Birt 'tried to block Grade's BBC job'

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Indy Politics

Tony Blair was told by Lord Birt that his choice of Michael Grade as BBC chairman earlier this year was the "worst public appointment" he had ever made. John Birt's intervention is revealed by Greg Dyke in the latest instalment of his score-settling memoirs.

Tony Blair was told by Lord Birt that his choice of Michael Grade as BBC chairman earlier this year was the "worst public appointment" he had ever made. John Birt's intervention is revealed by Greg Dyke in the latest instalment of his score-settling memoirs.

Mr Grade was given the job after Mr Dyke and Gavyn Davies were forced to resign from the top two BBC jobs in the wake of the Hutton Report.

But a furious behind-the-scenes row over the appointment is laid bare by the former director-general of the BBC.

He claims: "Birt fought against Grade's appointment, tried to influence Tessa Jowell and, when he lost, sent a letter to Tony Blair telling him that Grade's was the worst public appointment he had made since becoming Prime Minister."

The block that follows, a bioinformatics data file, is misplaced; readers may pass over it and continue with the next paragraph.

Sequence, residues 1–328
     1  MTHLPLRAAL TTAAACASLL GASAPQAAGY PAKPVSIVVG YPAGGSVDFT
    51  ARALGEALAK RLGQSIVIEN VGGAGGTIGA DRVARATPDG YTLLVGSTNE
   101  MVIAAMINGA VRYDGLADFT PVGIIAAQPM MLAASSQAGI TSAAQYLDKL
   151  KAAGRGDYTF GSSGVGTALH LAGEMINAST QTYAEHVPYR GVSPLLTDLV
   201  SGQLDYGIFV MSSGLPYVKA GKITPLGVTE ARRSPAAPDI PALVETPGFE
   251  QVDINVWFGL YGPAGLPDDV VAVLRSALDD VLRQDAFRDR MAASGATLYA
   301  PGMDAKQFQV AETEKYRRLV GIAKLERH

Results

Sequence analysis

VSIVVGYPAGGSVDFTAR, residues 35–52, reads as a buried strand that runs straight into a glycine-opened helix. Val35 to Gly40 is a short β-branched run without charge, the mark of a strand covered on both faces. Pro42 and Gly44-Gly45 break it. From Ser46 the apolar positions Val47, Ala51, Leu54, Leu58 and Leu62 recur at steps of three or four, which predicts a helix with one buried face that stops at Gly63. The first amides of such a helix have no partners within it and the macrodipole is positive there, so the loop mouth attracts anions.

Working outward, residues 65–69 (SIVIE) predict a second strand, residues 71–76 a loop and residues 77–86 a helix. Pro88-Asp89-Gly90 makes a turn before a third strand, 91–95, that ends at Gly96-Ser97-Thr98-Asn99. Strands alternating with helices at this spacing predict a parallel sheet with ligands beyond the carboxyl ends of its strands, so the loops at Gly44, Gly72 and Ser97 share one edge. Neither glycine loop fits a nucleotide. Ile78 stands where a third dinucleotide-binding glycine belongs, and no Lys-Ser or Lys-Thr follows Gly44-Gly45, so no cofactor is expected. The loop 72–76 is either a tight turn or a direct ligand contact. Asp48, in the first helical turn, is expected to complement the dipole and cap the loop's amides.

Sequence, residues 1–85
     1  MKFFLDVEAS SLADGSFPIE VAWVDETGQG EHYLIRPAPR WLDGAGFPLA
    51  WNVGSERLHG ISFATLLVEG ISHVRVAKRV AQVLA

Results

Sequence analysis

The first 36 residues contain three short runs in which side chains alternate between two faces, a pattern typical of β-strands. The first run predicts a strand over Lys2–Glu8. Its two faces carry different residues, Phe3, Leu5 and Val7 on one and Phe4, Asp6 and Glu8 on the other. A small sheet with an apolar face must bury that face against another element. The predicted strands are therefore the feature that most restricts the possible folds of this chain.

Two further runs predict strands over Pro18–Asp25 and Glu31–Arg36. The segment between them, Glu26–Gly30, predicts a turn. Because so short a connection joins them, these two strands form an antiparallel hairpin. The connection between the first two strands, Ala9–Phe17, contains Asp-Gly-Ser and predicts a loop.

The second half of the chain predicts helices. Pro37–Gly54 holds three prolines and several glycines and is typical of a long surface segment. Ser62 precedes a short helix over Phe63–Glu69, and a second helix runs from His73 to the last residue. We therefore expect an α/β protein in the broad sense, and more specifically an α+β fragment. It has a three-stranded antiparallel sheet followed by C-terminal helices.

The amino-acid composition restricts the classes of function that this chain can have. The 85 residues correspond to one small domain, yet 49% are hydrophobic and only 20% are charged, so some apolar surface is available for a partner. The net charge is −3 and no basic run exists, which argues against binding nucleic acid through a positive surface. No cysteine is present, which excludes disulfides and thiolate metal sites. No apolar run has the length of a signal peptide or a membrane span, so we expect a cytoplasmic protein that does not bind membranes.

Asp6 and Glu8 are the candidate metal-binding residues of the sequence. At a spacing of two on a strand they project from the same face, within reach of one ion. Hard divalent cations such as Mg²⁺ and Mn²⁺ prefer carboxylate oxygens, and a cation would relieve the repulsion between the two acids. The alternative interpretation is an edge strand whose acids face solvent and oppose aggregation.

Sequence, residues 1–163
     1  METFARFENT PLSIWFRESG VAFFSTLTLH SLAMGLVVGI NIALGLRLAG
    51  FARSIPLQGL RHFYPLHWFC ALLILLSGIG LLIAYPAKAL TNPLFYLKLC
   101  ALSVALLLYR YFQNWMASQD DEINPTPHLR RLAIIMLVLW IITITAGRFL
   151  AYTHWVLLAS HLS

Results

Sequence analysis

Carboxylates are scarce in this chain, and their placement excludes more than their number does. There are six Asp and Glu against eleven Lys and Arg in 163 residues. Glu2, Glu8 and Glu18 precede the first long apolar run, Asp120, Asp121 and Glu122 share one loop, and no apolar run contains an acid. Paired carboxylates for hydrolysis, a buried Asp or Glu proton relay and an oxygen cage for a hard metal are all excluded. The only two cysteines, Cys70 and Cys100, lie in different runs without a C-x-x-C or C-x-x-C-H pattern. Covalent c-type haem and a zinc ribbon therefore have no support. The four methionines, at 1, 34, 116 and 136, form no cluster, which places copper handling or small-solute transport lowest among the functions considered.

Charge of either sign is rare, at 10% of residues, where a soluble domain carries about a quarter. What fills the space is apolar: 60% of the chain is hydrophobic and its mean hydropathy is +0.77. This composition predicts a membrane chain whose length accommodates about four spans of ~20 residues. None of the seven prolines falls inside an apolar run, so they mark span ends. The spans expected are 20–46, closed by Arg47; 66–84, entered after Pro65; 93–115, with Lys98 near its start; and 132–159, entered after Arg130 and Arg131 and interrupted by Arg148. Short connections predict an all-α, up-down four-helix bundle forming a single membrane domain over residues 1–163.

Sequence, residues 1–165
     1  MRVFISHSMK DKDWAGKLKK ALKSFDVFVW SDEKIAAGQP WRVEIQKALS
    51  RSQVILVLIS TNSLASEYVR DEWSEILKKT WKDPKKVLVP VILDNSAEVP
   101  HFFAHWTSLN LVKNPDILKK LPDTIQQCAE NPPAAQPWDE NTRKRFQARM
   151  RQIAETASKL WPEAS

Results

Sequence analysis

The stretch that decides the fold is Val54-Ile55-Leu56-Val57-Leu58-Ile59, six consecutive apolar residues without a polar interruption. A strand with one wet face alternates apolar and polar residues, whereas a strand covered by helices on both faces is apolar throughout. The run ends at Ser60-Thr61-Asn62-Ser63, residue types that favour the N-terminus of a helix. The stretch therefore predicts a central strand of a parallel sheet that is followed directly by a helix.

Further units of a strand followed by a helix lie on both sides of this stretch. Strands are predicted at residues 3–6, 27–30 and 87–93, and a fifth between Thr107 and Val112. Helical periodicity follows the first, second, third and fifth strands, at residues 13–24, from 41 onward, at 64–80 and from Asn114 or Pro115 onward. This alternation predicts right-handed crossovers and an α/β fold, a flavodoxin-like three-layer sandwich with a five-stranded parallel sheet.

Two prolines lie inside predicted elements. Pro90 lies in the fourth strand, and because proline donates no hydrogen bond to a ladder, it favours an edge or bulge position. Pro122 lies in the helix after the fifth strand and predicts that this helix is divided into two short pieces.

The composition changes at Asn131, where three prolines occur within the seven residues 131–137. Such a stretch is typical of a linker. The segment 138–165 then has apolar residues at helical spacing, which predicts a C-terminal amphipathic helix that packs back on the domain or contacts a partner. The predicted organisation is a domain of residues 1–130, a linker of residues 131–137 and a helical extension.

The intervention of Birt, himself a former BBC director general, will once again raise questions over his role as a Downing Street advisor.

Number 10 has repeatedly resisted answering questions about his accountability from those concerned at the extent of his influence

Further revelations suggesting that Mr Blair attempted to browbeat the Corporation will be unveiled in a Channel 4 documentary timed to coincide with the release of Mr Dyke's book, Inside Story, later this month.

Mr Dyke also claims that the Prime Minister told Mr Davies that Alastair Campbell, the former Number 10 director of communications who drove the campaign against the BBC, was "a bit off the ranch".

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